The following is excerpted from an encyclopedia printed in around 1937, "The Wonderland of Knowledge" edited by Ernest Ogan. By 1937, domestic cats got a whole chapter to themselves, compared to the few lines in "The Children's Encyclopedia".

MISTRESS PUSS and HER WILFUL WAYS : Some Interesting Facts About the Habits and Noble Ancestors of One of the Best-loved of Our Four-footed friends.

Next to the dog, the cat is our most familiar four-footed friend. But Pussy’s ways are not the dog’s ways. A dog that shares our hearth and home wants to do something to prove his affection for us. He will guard his master’s property against all comers, greet him with wagging tail and joyful barks, come when he is called, lie patiently at his master’s feet, be ready at all times to go for a walk, and if he is a well-trained dog, will trot obediently at his master’s heels. But Mistress Puss is not like that. If she condescends to walk with us, she does not follow, but usually leads the way. She lives with us in our home, expects to be fed and petted, appropriates the cosiest corner by the fire and the most comfortable chair as her right; but she never expects to do anything in return for these favours.

Although Puss will catch mice, if there are any of these troublesome little animals about, she does this for her own pleasure - not to please us. She will come when she is called if she has a mind to do so, but not otherwise. She walks in and out of doors as she chooses in the most independent manner, and behaves, in fact, as if the house and all it contains actually belongs to her. Yet, in spite of all her airs and foibles, Puss is a most lovable animal and very affectionate to those to whom she attaches herself.

There is really some excuse for Mistress Puss’s being so reserved and independent. She belongs to the great cat tribe, and so is entitled to claim relationship with the king of beasts - the mighty African lion, which stands at the very head of the family - and with the lordly tiger of the Indian jungles. In many ways Puss shows her kinship with her imposing relatives - the lion, tiger, leopard, jaguar and puma. She is a born hunter, and she stalks her prey in the very same way as the big wild hunting cats stalk larger game in the forests and jungles all the world over. Her feet are shod with soft, elastic pads; and with silent, stealthy steps she creeps nearer and nearer to her victim, and then springs upon it with a sudden bound. Or she will lie in ambush, ready to pounce out on any luckless mouse or bird that comes within striking distance of those very sharp, curved claws of hers.

Sharp Claws Within a Velvet Paw

When she is walking about or playing with you, Puss draws her claws right back within sheaths of thick skin; and the paw she pats you with feels as soft as velvet. But those hidden claws are shot out in a flash to seize her prey, or to give anyone who annoys her a nasty scratch, So it is not only cruel, but foolish to tease a cat. Wild cats keep their claws sharp and ready for use by tearing at the rough bark of the forest trees. Mistress Puss keeps hers in order by clawing the legs of the chairs and tables, in addition to the bark of trees.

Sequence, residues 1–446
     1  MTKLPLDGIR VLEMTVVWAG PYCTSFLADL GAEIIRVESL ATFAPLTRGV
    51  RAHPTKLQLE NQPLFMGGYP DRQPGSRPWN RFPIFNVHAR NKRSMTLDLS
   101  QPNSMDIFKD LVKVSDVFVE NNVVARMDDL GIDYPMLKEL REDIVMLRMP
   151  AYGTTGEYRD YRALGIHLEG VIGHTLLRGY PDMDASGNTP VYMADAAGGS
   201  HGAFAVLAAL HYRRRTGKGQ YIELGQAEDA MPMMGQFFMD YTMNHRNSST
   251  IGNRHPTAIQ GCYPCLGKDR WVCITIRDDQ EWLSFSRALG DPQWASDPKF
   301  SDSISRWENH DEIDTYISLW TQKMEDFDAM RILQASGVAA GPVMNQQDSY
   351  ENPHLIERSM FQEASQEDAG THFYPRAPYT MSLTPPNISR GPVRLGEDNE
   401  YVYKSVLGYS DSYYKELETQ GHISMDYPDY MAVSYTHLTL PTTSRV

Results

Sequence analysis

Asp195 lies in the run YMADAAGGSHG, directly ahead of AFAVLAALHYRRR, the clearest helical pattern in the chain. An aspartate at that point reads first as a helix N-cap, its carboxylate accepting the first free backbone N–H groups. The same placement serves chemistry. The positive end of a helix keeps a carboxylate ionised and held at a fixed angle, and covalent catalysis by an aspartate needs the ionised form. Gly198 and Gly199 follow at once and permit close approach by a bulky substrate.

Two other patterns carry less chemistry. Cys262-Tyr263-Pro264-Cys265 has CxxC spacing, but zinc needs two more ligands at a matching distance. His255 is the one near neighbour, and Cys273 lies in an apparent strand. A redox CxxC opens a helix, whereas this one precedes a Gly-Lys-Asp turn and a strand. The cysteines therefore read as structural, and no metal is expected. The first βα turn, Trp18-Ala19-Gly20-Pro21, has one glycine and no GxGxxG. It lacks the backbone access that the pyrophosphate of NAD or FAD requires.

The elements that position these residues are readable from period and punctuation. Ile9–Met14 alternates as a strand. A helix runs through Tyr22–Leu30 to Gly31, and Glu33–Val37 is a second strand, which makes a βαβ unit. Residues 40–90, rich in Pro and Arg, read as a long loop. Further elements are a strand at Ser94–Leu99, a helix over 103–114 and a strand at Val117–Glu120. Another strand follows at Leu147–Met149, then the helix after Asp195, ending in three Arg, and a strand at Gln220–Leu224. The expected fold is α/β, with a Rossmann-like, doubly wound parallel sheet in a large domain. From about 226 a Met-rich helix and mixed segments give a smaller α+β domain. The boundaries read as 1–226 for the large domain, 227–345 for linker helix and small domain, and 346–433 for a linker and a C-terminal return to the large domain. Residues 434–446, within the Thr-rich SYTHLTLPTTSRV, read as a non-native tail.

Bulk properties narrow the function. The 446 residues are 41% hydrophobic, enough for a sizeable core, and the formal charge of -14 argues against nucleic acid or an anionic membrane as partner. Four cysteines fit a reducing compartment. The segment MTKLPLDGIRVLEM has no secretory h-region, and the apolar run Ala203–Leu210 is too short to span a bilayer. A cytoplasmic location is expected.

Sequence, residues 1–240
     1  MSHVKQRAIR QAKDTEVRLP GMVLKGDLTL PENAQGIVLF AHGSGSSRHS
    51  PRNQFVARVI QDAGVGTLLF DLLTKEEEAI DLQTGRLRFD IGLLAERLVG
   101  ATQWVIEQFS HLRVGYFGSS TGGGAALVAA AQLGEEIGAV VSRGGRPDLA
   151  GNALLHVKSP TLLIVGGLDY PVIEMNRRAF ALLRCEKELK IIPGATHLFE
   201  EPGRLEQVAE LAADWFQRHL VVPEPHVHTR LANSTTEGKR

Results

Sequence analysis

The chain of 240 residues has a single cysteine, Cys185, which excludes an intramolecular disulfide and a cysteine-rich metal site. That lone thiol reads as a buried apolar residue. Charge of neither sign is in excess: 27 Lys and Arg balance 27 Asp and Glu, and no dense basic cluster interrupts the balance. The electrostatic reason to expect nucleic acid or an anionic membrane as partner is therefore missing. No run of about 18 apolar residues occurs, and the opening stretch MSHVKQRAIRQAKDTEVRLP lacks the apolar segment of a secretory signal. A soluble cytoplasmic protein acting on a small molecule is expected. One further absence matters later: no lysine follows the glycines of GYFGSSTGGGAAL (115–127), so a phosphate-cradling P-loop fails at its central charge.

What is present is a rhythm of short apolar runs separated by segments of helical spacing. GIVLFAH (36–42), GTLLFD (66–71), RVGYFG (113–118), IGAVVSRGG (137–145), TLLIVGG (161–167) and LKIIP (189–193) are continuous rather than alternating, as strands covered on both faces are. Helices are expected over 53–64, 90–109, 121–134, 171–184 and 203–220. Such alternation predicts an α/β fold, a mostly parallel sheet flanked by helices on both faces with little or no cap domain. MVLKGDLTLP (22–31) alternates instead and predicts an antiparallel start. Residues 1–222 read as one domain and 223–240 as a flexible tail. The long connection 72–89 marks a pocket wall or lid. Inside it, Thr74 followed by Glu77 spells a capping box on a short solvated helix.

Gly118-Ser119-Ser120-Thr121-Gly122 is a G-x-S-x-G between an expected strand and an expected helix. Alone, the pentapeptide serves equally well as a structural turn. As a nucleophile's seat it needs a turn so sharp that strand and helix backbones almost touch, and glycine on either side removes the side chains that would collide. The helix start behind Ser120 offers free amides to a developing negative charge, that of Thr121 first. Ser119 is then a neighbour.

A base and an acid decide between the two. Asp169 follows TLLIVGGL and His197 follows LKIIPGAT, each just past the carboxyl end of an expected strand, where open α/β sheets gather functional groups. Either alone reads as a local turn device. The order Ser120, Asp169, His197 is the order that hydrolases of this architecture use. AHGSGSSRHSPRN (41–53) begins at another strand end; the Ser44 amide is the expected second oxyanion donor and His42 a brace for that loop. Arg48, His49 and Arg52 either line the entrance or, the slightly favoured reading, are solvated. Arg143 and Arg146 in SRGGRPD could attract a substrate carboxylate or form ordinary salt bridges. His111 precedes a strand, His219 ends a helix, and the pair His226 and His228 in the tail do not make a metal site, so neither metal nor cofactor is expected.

A cat walks daintily on the tips of her toes, as does a dog. She is not a champion runner, however, as a dog is; but if she is chased, Puss can usually escape her enemy by springing up into a tree or to the top of a high wall. There the dog, who is not so nimble as a cat, cannot follow her. And from her post of vantage, with arched back and lashing tail, Puss spits and swears at the disgruntled dog in the most menacing fashion.

When Puss goes hunting, she trusts to her sharp eyes and her quick ears to locate her prey. Her sense of smell is not very keen, so she does not hunt by scent. In this, she is very different from some of the dog tribe. In the daytime, as you may often have noticed, the pupils of a cat’s eyes contract to narrow, vertical slits, through which the cunning animal can nevertheless see just as much as she wishes. In the dark the pupils expand to let in every available ray of light, and at such a time a cat’s eyes gleam like two round green or yellow lamps. It is because of this adjustment of the eyes that, when prowling about at night, cats need very little light to guide them, although they are not able to see in absolute darkness. But cats have another sense by means of which they find their way about when the light fails them altogether. Those handsome whiskers of theirs are really highly sensitive feelers, or organs of touch, with which they feel and test everything that comes in their way. Wild cats depend chiefly on their whiskers to help them to thread their way through dense thickets and jungles on dark nights.

Although cats are not so, quick and ready to learn as dogs, they are really very intelligent; and if their education is taken in hand when they are kittens, they can learn to do, or not to do, a great many things. But in training a cat one must always be very patient and persevering. You can do nothing with it unless you gain its confidence and affection. If you lose your temper with your pupil, the case is hopeless. Your cat will never learn anything in that way.

There were once two beautiful longhaired cats - called Nicky and Clootie - which were trained from kittenhood not to catch birds. To catch birds is a natural instinct which all cats have. Both these pussies could be trusted in the yard where tiny, newly-hatched chicks were running about; they would never touch one of the little creatures. Sometimes, when the cats were lying down, the chicks would jump on their backs or foolishly try to scratch for seeds in their long, fluffy hair! The birds in the garden, too, lost all fear of Nicky and Clootie, and, when the cats were out on the lawn, would fly down and pick up crumbs right under their noses. Another cat once made friends with a tame pigeon, and the strange pair were often to be seen in the garden together, the pigeon strutting beside the cat or nestling down fearlessly and comfortably by her side.